YOU ARE HERE: LAT HomeCollections


'This Is Ireland' goes beyond shamrocks and green beer

'This Is Ireland' at UCLA's Royce Hall is honoring St. Patrick's Day with a festival that includes history lessons, literary readings, traditional dances and more.

March 17, 2011|By Katherine Tulich, Special to the Los Angeles Times
  • Conductor and composer Eimear Noone, shown taking a break from rehearsing with a choir, doing pieces for the "This is Ireland" program at the Cochran Avenue Baptist Church,
Conductor and composer Eimear Noone, shown taking a break from rehearsing… (Allen J. Schaben, Los Angeles…)

It's Monday rehearsal night for the Hollywood Choir at the Cochran Avenue Baptist Church in mid-city L.A., but instead of a rousing gospel tune, the 65-member choir is dissecting the intervals and harmonies of a lilting arrangement of "Danny Boy." It is one of three songs (including a Gaelic version of the Emerald Isle's national anthem) they will be performing at Thursday's "This Is Ireland" concert at UCLA's Royce Hall.

"A gospel choir singing Irish songs does sound surprising," says the choir's buoyant leader Blinky Williams, laughing. "At first we didn't think an African American choir would have much in common with anything Irish, but once you learn more about their history and their music we realized there was a lot we could relate to."

For the show's creator, Irish born composer-conductor Eimear Noone, it's that spirit of connection with her adopted city of Los Angeles that inspired the creation of the concert that she hopes will become an annual St. Patrick's Day event for Los Angeles. With the demise of the annual downtown St Patrick's Day parade last year due to budget cuts, Noone wanted to find a new way to celebrate the Irish holiday.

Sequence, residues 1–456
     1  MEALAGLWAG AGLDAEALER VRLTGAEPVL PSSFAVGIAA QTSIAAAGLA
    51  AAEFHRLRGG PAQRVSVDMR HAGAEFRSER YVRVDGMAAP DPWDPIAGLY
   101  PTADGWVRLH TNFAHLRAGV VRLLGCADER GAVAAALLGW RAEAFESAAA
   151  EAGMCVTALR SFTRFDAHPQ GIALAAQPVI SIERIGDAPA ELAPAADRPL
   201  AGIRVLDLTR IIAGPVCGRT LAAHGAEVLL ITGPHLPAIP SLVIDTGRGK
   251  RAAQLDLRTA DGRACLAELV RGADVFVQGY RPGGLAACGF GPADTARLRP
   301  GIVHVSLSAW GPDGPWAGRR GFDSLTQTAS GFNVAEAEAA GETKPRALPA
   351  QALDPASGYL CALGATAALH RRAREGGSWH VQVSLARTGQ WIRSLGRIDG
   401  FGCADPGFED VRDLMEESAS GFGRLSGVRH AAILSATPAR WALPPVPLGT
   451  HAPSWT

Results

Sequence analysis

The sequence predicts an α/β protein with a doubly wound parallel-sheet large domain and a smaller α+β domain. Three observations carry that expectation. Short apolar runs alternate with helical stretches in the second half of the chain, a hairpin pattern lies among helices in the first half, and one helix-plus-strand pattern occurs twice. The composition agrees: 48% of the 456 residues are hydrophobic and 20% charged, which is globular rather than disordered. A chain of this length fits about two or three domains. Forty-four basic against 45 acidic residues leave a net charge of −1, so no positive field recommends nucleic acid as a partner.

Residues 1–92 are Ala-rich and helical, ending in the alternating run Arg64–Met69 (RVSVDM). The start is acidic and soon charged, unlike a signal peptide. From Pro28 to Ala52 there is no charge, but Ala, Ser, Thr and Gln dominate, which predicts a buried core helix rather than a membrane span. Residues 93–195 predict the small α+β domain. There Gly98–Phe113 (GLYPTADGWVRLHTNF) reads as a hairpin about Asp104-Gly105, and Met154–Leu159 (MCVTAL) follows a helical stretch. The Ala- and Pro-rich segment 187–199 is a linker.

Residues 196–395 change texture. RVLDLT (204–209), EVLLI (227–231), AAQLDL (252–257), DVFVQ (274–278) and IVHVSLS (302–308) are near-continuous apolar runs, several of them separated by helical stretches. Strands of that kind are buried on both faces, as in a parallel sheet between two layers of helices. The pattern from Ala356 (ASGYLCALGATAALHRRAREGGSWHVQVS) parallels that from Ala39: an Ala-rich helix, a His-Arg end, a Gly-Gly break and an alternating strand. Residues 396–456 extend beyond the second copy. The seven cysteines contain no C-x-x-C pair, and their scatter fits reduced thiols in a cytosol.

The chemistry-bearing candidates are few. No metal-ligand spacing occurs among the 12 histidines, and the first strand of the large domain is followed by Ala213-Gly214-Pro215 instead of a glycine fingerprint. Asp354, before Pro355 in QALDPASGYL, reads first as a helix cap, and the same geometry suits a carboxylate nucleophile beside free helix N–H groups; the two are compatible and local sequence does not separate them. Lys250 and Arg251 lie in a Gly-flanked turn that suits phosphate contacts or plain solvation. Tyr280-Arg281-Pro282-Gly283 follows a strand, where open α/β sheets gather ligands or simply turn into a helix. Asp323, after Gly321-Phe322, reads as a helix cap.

"There is so much marketing around this time — green decorations, shamrocks and beer — but I wondered if anyone really knew what the day represented to the Irish," she says. "I wanted an experience that shows our story and our culture. I hope it might redefine what people know as St. Patrick's Day."

The evening will be a collection of all things Irish including history lessons and literary readings from the country's most celebrated poets, traditional Irish dances, a celebration of film and music incorporating classical repertoire, traditional folk songs and even the country's more famous rock exports like Thin Lizzy and U2. "We wanted to cover everything. We even have a section devoted to Irish insults," says Noone, who will co-present as well as conduct the evening's 40-piece orchestra.

High caliber Irish talent was eager to jump aboard. Lyric soprano Celine Byrne is flying in from Ireland, joining Boston-based opera baritone Sam McElroy and locally based Irish-born actors Roma Downey and Pierce Brosnan.

"I think it was a pincer movement on the resident Irish man," says Brosnan, laughing, on the phone from his Malibu home. "For me, it was a no-brainer to be a part of this evening. I don't think there has been anything like this done before."

For Brosnan, who has lived in Los Angeles since 1981, the day still holds nostalgic meaning. "St Patrick's Day has a certain romantic memory of Ireland," he says. "It's a celebration of being Irish and it's a wonderful day of unity for those of Irish descent worldwide."

Brosnan will be part of the evening's tribute to their world renowned national Abbey Theatre, which incubated many of Ireland's great playwrights and actors. He will be reciting W.B. Yeats' "Easter, 1916", a poem that recounts the historic events of the Easter Rising against the British.

"It's a great historic piece and weaves well into the tapestry of the evening," says Brosnan, who will read from a first edition copy signed by the poet. It also represents a return to the stage in some ways for the internationally known film star. "It's where I started and how I trained as an actor, but I haven't performed on stage for many years," he says. "To have a chance to do it in such a theatrical form with an orchestra and a piece of literature so poignant will be a great experience."

For Downey, the production is a chance for the Irish community to come together. "I'm excited that I can bring my kids and can expose them to our heritage," she says. The "Touched by an Angel" star will read from the works of the celebrated Nobel Prize-winning contemporary poet Seamus Heaney, who grew up in Downey's hometown of Derry in Northern Ireland.

"I think this night will not only appeal to anyone of Irish descent but I think it will be a chance for everyone to awaken their inner Celt," she says.

'This Is Ireland'

Where: UCLA's Royce Hall, 340 Royce Drive, L.A.

When: 8 p.m. Thursday

Price: Tickets are $38 to $88


Los Angeles Times Articles